Why not use 'nullptr'?

Due to the book "Effective Modern C++", modern C++ programmers should prefer nullptr to 0 and NULL. The reason is that 0 or NULL is neither a pointer type. Suppose we have a function

void foo(int);
void foo(bool);
void foo(void*);

If we call it like foo(0) or foo(NULL), we will get foo(int) called instead of foo(void*). Why? Because 0 and NULL are never pointer type, 0 is 'int' and NULL can be 'long'. So use 'nullptr', it has a type of 'std::nullptr_t' and can be implicitly converted to all raw pointer types.

Another concern is that suppose we'd like to write a template function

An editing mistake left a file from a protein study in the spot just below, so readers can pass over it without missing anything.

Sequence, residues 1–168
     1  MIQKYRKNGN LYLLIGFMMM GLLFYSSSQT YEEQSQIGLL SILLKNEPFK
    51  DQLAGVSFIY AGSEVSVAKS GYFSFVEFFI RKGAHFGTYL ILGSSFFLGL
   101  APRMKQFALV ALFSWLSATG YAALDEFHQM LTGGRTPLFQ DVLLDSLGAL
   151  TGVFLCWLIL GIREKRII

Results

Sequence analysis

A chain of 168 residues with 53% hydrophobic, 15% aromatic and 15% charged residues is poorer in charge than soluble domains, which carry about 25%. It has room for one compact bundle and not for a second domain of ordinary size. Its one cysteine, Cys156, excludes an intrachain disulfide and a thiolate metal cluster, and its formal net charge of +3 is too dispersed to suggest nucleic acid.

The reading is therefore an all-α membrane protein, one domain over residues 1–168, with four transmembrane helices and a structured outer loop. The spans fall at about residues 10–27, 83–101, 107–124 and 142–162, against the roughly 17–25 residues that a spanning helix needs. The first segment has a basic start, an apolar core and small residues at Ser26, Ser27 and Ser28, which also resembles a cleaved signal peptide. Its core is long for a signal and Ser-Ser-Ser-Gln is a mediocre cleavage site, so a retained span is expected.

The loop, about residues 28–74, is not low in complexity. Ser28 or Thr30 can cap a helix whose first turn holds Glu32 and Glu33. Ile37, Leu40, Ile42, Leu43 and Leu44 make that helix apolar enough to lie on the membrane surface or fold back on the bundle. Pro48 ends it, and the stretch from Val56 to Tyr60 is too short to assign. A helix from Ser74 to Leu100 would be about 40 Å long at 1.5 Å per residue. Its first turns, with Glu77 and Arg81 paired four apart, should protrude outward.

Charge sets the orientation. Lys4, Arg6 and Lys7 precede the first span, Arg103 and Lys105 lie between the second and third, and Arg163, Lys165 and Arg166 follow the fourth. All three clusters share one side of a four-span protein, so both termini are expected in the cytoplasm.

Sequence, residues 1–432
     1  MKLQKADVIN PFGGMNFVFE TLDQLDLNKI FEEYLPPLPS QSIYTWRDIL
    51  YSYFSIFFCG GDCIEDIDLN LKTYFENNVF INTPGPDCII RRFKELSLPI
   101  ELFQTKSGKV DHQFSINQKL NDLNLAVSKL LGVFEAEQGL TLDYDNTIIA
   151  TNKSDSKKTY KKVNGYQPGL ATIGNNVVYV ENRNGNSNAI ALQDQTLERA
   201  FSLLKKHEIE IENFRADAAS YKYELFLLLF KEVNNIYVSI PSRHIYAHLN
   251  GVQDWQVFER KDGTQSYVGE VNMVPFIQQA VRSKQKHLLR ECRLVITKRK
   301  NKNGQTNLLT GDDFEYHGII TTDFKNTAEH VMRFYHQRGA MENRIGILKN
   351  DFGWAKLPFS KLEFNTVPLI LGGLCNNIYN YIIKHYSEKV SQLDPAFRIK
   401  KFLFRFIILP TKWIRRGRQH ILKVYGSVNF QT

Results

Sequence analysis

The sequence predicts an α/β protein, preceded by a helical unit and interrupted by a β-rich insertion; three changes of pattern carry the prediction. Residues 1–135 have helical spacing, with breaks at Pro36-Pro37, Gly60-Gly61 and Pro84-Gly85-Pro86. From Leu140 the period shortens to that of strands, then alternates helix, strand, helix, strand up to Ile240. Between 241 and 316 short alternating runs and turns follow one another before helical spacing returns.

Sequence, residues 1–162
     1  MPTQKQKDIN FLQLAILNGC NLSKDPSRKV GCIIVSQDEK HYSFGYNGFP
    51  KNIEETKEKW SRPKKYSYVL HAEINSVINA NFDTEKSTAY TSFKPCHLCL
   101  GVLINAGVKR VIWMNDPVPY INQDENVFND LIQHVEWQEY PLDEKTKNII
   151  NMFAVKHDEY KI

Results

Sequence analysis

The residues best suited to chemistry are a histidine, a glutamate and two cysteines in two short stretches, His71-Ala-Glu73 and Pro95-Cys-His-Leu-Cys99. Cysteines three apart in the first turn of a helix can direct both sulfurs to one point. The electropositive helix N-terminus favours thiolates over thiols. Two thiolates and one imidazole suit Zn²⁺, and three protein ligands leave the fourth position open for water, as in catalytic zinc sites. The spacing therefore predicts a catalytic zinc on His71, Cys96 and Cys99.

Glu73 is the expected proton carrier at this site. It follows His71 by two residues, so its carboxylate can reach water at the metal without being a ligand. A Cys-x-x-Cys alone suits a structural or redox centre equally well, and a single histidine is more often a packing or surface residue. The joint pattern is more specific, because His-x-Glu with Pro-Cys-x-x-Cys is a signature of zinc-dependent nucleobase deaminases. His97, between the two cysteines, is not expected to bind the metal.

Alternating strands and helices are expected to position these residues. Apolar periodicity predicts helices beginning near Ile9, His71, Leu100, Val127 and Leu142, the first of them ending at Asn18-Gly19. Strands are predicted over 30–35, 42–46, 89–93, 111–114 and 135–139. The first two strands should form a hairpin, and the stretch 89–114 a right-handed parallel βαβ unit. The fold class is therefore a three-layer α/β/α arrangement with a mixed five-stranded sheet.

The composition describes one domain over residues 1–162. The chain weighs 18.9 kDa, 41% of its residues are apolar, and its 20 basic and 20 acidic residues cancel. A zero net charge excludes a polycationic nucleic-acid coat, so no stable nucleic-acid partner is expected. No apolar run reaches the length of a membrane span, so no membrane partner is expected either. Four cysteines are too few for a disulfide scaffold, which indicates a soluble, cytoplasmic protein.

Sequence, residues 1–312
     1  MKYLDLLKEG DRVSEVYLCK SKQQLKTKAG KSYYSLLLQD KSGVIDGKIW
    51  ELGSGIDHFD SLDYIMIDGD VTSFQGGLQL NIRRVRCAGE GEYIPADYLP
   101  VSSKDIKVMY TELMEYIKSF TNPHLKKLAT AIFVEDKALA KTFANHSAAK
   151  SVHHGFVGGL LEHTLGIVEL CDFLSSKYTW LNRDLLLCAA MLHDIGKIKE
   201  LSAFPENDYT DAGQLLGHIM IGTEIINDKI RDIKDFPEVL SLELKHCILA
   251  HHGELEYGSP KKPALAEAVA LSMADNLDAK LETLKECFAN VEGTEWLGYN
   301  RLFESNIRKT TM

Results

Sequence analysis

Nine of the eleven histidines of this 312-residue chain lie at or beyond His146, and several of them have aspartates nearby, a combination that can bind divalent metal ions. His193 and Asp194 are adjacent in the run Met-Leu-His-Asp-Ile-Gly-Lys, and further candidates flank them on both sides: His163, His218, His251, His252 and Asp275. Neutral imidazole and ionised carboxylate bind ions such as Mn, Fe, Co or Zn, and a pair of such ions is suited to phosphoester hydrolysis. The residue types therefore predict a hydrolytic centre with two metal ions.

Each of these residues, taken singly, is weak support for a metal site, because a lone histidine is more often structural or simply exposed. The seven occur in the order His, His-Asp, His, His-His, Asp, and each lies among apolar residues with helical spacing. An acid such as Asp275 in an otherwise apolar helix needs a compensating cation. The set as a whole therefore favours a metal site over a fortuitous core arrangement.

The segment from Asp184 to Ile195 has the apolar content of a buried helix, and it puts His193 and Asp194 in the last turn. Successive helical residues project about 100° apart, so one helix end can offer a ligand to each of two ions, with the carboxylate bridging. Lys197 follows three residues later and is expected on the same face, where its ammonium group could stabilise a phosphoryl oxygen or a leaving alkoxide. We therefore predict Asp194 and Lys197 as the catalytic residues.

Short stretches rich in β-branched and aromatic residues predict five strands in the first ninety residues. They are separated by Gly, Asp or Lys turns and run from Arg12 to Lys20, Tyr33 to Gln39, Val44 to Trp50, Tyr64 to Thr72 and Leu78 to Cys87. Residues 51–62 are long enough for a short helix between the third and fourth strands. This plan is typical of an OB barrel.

class Class1, Class2;

int foo(std::shared_ptr<Class1> sth);
float bar(std::unique_ptr<Class2> sth);

template<typename FuncType, typename PtrType>
decltype(auto) callSth(FuncType func, PtrType ptr) {
    return func(ptr);

Then if we write

auto a = callSth(foo, 0);
auto b = callSth(bar, NULL);

both would fail during compilation since it's a type error. 0 or NULL is not compatible with the function type as declared.

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